LOS ANGELES — A 16-year-old Southern California girl attempting a solo sail around the world was feared in trouble Thursday thousands of miles from land in the frigid, heaving southern Indian Ocean after her emergency beacons began signaling and satellite phone communication was lost.
An international effort to rescue young Abby Sunderland began, but the vast distances meant long hours of waiting for her family and support team, which expressed confidence that she was alive because the beacons were deliberately turned on rather than set off automatically.
"She's got all the skills she needs to take care of what she has to take care of, she has all the equipment as well," said brother Zac, himself a veteran of a solo sail around the world at age 17.
Australian Maritime Safety Authority spokeswoman Carly Lusk said three vessels were sent from the French territory of Reunion Island and an aircraft was dispatched from Perth on a four-hour flight to Abby's location more than 2,000 miles from both Africa and Australia.
Qantas airlines said in a statement that an Airbus A330 tasked by the safety authority took off at 7:53 a.m. Friday Perth time (23:53 GMT) and its crew would try to spot the sailboat.
It was not clear when the surface vessels left, but it would take a day for the nearest ship to reach the area. Reunion Island is off Madagascar, the very large island along the east coast of Africa.
Support team member Jeff Casher said the two emergency beacons were continuing to broadcast and GPS location data showed they were together and drifting at 1 mph. He believed the beacons were on Abby's boat but said they could be with her on a raft.
Casher offered several scenarios: The boat may have flipped over and Abby could still be inside; the boat's mast may have been damaged; or she was injured and could not pilot the boat. He said that if the boat flipped, the hull would prevent her from calling from her satellite phone.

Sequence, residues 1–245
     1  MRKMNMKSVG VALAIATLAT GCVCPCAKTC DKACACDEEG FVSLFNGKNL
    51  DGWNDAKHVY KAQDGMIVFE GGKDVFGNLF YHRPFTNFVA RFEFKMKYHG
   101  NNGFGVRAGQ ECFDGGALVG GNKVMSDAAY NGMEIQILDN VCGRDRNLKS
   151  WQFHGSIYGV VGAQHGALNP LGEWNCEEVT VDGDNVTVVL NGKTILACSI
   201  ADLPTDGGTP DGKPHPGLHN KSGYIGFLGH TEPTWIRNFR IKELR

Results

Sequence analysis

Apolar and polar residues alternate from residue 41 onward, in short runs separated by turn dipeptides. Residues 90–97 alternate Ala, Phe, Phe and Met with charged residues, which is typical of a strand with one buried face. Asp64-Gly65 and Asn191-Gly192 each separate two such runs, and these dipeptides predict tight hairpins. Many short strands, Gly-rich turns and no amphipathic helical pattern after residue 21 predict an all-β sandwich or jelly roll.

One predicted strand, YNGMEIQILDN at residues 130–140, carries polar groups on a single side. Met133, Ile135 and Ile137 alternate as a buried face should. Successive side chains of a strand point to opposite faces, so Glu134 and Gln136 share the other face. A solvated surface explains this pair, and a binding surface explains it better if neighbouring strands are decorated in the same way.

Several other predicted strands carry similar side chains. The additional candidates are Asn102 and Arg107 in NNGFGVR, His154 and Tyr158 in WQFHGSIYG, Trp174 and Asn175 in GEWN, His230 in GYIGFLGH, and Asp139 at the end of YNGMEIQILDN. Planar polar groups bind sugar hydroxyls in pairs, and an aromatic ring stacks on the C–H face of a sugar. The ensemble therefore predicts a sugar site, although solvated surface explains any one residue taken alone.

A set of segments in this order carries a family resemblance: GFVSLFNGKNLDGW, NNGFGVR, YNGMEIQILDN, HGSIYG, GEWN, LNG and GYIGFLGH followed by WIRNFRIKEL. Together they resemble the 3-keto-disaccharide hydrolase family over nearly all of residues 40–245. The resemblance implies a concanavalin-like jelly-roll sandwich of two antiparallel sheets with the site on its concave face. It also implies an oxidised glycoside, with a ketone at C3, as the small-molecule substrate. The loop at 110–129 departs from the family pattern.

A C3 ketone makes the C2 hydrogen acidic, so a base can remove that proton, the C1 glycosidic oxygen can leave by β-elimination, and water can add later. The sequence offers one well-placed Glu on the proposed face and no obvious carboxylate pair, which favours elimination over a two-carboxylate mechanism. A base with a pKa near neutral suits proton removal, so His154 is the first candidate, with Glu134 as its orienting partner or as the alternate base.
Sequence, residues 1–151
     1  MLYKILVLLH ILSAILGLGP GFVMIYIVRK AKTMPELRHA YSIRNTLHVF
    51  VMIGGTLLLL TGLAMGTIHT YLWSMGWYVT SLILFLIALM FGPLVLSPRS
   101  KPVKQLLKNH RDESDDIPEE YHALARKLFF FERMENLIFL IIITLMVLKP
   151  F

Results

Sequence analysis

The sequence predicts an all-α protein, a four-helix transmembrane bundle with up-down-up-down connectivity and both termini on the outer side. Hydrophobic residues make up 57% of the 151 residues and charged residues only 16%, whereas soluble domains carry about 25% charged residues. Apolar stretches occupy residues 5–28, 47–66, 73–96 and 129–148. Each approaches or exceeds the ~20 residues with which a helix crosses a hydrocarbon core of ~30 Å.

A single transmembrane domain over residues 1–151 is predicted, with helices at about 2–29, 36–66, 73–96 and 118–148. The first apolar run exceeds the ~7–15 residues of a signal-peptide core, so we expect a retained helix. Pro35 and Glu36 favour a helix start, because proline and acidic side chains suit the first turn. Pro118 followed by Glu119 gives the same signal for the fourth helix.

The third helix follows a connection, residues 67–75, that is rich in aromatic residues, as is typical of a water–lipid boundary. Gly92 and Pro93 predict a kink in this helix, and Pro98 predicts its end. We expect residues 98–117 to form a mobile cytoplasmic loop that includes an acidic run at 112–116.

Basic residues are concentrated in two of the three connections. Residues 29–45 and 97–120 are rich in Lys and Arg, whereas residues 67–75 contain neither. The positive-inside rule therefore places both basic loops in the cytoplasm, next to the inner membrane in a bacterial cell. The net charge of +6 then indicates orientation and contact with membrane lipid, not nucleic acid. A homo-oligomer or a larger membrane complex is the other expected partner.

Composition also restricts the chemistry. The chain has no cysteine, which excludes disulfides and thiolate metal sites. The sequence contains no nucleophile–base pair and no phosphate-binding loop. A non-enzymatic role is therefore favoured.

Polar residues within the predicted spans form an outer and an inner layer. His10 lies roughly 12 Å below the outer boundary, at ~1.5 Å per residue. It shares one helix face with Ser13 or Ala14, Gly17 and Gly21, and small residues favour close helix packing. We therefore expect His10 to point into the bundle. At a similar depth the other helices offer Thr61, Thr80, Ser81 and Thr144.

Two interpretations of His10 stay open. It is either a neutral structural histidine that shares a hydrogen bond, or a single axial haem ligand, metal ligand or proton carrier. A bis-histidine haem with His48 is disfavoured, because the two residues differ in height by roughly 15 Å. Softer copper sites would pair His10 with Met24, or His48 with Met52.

Conditions can quickly become perilous for any sailor exposed to the elements in that part of the world.
"We've got to get a plane out there quick," said family spokesman Christian Pinkston, adding that the teen's family in Thousand Oaks was asking for prayers for her safety.
Her brother said Abby was prepared and mentally tough. "I really wish I could see her and hope she gets through this one," he told reporters outside the family home.
Abby last communicated with her family at 4 a.m. PDT Thursday and reported 30-foot swells but was not in distress, Pinkston said.
Casher said Abby had to make repeated calls with her Iridium satellite phone because of sketchy connections. He said she had been in rough weather and had a problem with her engine, which she eventually managed to start. The team then asked her to check other things on the boat.
"She hung up to go check some things and she never did call back," he said.
An hour later the family was notified that her emergency beacons had been activated, and there was no further communication.
Her brother said the boat was most likely not completely submerged because another beacon would be triggered at a depth of 15 feet.
Derrick Fries, a U.S. sailing instruction and safety expert, said Abby's circumstances were very unclear.
"It's hard to determine if she's rolled over, swamped, or washed overboard. She has to have a dry suit on to have any chance," he said. "To be capsized in the middle of the ocean with waves crashing relentlessly down, not just for hours, but days, I can't tell you how difficult those conditions are."